Numbers that don’t appease the pessimists

Salameh daraawi
Salameh Darawi (Photo: JNews)
We have gotten used to describing each year as difficult, in terms of the national economy, saying that challenges facing the Kingdom this year are exceptional, which is the case every year.اضافة اعلان

First, we must acknowledge that the national economy is undergoing consecutive crises, as there has not been a year that the economy did not face suffocating crises or challenges that thrust it into the darkness and threatens its stability.

It is after all an economy that has adapted to crises and, at times, even lived off crises that were employed to its benefit, reflecting positively on it through the influx of more grants and aid on the one hand, and the increase in growth resulting from the influx of investments and tourism on the other.

The problems facing the national economy are known to all: They are chronic challenges that have been in headlines for long years and they cannot be denied. They are mainly rooted in the decline of trust in the government and the official narrative, due to their inability to resolve these problems, which are unemployment (24.7 percent), total budget deficit (JD2.6 billion), total debt (exceeding 107 percent of the gross domestic product) at an absolute value surpassing JD32 billion, and the decline in economic growth, entering a contraction period (-1.9 percent), as well as dozens of other challenges that have become a basic feature of the Jordanian economy.

 However, the narrative of the national economy being in a state of ruin and broad recession, and that the country is on track for a collapse, is void of truth and contradicts the facts on the ground, particularly in light of the repercussions of the pandemic.

It is true that some sectors’ operations were completely halted, and that their productivity and activities have declined, for example, the tourism sector and its various offshoots, transportation companies, wedding venues, some touristic restaurants, coffee shops, and gyms. However, there are dozens, if not hundreds, of sectors that succeeded in weathering the COVID-19 crisis, achieved growth, and sustained a stable performance.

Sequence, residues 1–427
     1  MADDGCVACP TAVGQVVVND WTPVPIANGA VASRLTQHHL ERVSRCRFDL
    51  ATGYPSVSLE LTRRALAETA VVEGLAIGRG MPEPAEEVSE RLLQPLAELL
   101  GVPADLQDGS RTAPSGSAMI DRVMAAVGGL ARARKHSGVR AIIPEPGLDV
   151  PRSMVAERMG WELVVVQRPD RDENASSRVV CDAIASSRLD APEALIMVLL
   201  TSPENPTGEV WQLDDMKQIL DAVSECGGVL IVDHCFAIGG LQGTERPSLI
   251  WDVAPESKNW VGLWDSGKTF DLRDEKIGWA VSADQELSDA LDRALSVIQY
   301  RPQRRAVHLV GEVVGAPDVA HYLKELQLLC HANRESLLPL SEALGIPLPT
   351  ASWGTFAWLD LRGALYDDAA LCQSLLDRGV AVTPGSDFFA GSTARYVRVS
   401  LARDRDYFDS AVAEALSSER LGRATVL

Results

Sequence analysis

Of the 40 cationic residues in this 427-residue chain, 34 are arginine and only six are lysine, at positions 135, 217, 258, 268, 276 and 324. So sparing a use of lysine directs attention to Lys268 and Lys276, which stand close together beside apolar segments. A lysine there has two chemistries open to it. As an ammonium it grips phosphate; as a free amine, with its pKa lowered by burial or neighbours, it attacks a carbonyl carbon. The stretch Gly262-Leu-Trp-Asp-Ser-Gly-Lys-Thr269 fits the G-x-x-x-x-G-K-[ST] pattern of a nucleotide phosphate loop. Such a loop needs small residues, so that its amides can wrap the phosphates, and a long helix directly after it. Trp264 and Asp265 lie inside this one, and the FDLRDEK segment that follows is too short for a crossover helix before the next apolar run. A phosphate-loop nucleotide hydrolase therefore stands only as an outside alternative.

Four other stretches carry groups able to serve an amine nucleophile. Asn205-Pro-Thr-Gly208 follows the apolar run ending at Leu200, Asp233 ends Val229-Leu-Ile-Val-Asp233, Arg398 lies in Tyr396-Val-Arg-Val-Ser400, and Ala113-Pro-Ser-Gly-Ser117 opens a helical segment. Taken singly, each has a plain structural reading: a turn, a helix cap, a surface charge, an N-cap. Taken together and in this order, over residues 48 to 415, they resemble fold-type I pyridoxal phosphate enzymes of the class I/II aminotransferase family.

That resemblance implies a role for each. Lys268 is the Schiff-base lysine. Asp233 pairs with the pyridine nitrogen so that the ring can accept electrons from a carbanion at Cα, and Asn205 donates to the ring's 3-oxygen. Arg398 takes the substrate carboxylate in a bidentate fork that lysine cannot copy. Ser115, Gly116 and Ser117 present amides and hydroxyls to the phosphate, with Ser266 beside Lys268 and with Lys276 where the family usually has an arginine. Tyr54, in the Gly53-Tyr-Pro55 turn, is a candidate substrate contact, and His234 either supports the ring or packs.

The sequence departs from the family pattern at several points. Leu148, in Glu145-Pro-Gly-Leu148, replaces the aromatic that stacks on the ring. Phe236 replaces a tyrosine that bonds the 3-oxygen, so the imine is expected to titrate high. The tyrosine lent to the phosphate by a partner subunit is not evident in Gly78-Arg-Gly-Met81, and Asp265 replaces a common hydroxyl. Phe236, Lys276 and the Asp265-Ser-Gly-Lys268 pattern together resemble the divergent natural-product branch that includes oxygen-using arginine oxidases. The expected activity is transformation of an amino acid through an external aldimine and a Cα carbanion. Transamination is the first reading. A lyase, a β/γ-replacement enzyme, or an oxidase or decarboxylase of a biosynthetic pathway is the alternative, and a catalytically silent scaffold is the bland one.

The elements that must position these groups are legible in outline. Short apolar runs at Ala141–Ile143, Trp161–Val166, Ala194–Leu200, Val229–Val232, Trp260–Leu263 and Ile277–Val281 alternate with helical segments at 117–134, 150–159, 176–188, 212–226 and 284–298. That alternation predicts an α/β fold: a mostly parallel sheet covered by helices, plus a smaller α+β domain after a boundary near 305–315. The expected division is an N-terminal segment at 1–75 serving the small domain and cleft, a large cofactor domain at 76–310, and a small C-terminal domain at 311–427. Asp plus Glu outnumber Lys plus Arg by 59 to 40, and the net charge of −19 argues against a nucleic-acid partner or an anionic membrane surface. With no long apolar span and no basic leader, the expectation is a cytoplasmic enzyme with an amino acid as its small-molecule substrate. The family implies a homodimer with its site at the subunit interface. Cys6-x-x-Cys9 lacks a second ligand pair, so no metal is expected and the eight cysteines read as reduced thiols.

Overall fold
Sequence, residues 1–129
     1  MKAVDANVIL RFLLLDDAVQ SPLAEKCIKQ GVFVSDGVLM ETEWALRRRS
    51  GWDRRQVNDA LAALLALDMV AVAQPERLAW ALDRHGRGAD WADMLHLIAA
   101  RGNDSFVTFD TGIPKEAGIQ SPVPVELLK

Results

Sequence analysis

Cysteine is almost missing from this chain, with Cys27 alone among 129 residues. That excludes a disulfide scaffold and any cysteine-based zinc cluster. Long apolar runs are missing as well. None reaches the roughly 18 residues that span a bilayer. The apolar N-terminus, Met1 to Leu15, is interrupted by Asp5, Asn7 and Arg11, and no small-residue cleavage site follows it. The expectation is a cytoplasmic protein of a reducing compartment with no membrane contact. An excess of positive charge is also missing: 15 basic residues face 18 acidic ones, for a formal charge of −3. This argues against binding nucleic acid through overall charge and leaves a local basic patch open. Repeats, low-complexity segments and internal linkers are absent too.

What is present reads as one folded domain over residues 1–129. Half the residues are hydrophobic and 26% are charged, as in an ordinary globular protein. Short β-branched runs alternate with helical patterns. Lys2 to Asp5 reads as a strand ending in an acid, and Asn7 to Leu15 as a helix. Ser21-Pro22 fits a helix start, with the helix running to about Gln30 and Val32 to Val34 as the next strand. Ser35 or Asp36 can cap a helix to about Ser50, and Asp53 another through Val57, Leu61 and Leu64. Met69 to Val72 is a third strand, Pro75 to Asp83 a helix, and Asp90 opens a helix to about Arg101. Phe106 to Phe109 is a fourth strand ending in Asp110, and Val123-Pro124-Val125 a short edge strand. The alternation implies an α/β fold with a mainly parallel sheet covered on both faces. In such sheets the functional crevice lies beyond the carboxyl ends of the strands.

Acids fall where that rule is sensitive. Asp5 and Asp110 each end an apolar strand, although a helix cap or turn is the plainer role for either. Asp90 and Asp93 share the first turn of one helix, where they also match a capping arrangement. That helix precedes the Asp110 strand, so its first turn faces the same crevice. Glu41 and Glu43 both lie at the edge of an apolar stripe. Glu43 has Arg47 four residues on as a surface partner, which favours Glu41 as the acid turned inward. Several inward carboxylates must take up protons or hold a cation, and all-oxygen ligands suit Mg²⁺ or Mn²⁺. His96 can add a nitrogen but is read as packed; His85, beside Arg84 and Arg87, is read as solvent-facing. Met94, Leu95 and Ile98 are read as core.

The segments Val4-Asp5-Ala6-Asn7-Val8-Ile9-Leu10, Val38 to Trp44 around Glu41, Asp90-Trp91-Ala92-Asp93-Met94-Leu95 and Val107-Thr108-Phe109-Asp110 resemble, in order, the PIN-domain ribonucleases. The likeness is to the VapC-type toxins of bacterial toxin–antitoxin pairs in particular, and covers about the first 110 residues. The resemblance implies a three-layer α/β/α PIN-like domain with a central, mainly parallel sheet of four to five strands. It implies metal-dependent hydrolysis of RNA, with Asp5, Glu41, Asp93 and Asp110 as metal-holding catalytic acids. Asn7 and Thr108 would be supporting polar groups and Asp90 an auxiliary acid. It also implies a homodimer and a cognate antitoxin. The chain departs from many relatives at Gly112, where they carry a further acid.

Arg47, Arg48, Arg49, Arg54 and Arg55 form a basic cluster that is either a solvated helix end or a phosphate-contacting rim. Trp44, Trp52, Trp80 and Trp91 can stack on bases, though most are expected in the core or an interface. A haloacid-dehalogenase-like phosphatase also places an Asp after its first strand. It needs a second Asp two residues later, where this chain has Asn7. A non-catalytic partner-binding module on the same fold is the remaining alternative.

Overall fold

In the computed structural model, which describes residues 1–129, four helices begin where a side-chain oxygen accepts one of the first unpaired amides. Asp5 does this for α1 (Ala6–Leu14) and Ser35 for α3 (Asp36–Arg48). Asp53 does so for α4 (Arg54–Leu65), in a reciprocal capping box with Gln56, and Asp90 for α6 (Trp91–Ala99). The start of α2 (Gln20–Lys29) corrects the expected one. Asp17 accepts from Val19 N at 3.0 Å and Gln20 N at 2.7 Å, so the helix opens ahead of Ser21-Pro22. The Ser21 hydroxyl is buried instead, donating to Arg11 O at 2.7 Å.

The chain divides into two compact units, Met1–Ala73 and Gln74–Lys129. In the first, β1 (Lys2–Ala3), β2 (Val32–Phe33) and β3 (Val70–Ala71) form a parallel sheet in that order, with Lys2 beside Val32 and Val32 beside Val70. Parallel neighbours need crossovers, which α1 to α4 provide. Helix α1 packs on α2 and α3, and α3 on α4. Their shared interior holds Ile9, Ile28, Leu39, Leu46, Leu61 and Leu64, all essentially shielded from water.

The numbers may not appease pessimists or destructive rumor mongers, as tax revenues in the first quarter of this year increased by 25.4 percent, compared to the same period last year, which is before the coronavirus pandemic. Tax revenues are a significant positive indicator for economic activity, which witnessed growth during this period.

Hence the negative impressions being circulated among many are not based on facts.

The significance of this number lies in the growth in sales tax revenues, amounting to JD159 million, exceeding a 20-percent growth. This is directly related to an increase in consumption and economic activity.

Income tax revenues also exceeded expectations, as they were equal to those achieved during the same comparison period in previous years, and was not impacted by recessions as was expected, totaling JD283 million.

This growth in tax revenues cannot be explained in any way other than being the rational and natural result of many economic sectors successfully overcoming the consequences of the pandemic and achieving further growth in their various businesses and activities. Additionally, the government has finally started to reap the rewards of real reform at  state body that firmly went ahead with tax reforms, addressing tax evasion and expanding the taxpayer base.

The matter is not solely related to tax, as there are many positive indicators that must be revealed for the public opinion. Jordan’s foreign currency reserves reached JD15.49 billion by the end of February, which covers the Kingdom’s imports for more than seven months. Furthermore, bank deposits increased by more than 1.4 percent to reach JD37.318 billion, and banking facilitations for the various sectors rose by more than 1.8 percent to stand at JD29.158 billion by the end of February.

Despite all the challenges, national exports also increased last year by 1 percent, which is a huge positive indicator for the durability and strength of Jordanian exporters and the quality of its products, which have accessed the markets of 132 countries.

In conclusion, there are challenges posed by the pandemic, but there are also opportunities and positive activity achieved on the ground, contradicting all impressions and rumors that claim we are living through our worst economic conditions, which is not true at all. What might be new is that we now broadcast our speculation and rumors to the public space, thanks to social and virtual media.